We take the following facts from the summary judgment record, viewing the facts and all reasonable inferences that may be drawn from them in the light most favorable to plaintiff, as the nonmoving party. Jones v. General Motors Corp., 325 Or. 404, 408, 939 P.2d 608 (1997). Plaintiff Oregon Steel Mills, Inc., a company whose stock is traded on the New York Stock Exchange, retained defendant Coopers & Lybrand, LLP, for many years to provide accounting and auditing services. In 1994, plaintiff entered into a transaction that involved the sale of stock in one of plaintiff's subsidiaries. Defendant advised plaintiff that the transaction should be reported as a $12.3 million gain on plaintiff's financial statements and reports. Pursuant to that advice, plaintiff reported the transaction as a gain and, when defendant audited plaintiff's 1994 financial statements in early 1995, defendant gave its opinion that plaintiff's consolidated financial statements fairly represented plaintiff's financial position in accordance with generally accepted accounting principles. Plaintiff alleges in its complaint, and for purposes of its summary judgment motion defendant does not dispute, that defendant's accounting advice regarding the 1994 transaction was incorrect and that defendant gave that advice negligently.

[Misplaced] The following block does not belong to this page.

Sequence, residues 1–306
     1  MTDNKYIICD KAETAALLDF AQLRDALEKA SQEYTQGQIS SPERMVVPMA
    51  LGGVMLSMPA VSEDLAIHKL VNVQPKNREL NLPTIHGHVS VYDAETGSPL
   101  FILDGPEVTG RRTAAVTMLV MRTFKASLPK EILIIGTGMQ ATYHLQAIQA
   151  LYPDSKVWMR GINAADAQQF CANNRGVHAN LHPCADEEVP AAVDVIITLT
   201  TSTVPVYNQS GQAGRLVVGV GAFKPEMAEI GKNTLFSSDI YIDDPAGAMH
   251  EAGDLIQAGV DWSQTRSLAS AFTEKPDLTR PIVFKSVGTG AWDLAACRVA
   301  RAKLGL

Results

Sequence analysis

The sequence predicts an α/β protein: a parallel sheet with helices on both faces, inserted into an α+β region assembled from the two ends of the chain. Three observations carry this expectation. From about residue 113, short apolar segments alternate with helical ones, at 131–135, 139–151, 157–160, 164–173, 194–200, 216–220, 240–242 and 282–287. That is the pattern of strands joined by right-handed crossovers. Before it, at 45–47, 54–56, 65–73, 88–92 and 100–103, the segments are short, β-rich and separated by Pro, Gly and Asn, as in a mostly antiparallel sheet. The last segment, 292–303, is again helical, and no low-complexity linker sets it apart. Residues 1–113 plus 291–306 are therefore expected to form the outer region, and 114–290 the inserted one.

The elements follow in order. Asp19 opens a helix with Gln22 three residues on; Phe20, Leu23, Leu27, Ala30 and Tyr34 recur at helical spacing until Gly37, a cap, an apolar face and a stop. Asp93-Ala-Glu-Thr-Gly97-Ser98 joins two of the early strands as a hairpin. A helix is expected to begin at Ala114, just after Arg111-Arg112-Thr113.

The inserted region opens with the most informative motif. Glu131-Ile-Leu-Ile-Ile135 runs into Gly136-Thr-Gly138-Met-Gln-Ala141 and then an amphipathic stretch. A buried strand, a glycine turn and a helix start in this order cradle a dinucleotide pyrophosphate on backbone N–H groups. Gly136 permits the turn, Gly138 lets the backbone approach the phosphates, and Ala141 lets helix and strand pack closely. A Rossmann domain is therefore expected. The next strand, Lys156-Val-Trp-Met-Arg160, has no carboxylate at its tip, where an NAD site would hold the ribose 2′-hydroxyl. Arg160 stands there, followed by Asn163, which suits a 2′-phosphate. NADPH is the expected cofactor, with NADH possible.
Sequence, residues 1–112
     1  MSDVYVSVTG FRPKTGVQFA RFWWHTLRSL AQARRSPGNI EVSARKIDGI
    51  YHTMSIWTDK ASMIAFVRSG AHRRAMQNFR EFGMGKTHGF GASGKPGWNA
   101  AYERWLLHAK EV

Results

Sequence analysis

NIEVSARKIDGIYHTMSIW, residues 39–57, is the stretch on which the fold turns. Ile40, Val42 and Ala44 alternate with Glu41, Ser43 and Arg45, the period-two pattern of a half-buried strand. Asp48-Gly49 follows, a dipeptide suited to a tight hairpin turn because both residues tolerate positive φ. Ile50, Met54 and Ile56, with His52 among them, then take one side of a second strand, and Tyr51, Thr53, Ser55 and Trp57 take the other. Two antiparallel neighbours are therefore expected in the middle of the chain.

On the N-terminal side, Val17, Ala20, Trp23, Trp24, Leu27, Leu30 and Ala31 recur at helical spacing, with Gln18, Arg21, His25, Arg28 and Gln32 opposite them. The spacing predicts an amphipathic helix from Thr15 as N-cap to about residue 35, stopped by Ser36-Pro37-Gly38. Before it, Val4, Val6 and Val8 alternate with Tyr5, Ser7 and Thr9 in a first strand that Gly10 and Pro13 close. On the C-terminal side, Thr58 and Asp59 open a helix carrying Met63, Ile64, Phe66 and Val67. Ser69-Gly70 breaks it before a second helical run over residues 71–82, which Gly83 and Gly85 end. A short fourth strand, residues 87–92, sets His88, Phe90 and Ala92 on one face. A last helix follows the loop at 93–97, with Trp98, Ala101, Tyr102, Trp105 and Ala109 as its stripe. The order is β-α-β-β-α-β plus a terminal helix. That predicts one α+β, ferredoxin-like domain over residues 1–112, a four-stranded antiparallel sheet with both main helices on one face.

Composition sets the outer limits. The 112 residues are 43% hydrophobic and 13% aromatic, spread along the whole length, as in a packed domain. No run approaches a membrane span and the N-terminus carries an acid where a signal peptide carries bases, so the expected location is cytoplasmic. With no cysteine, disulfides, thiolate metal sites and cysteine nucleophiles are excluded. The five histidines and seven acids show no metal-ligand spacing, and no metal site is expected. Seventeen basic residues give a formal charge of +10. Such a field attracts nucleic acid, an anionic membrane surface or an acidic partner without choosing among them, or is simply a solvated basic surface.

During late 1995 and early 1996, plaintiff was planning to make a public offering of its stock and debt. Defendant knew of plaintiff's plans and had known, since at least 1994, that plaintiff would be selling stock and debt at some time in the future. Plaintiff anticipated that it would file the necessary documents with the Securities and Exchange Commission (SEC) on February 27, 1996, and that, barring unforeseen problems in the SEC approval process, the securities would be priced and sold on or about May 2, 1996. Defendant provided accounting advice to plaintiff in connection with the planned offering, and the documents that plaintiff filed with the SEC included the 1994 financial statements that defendant had audited.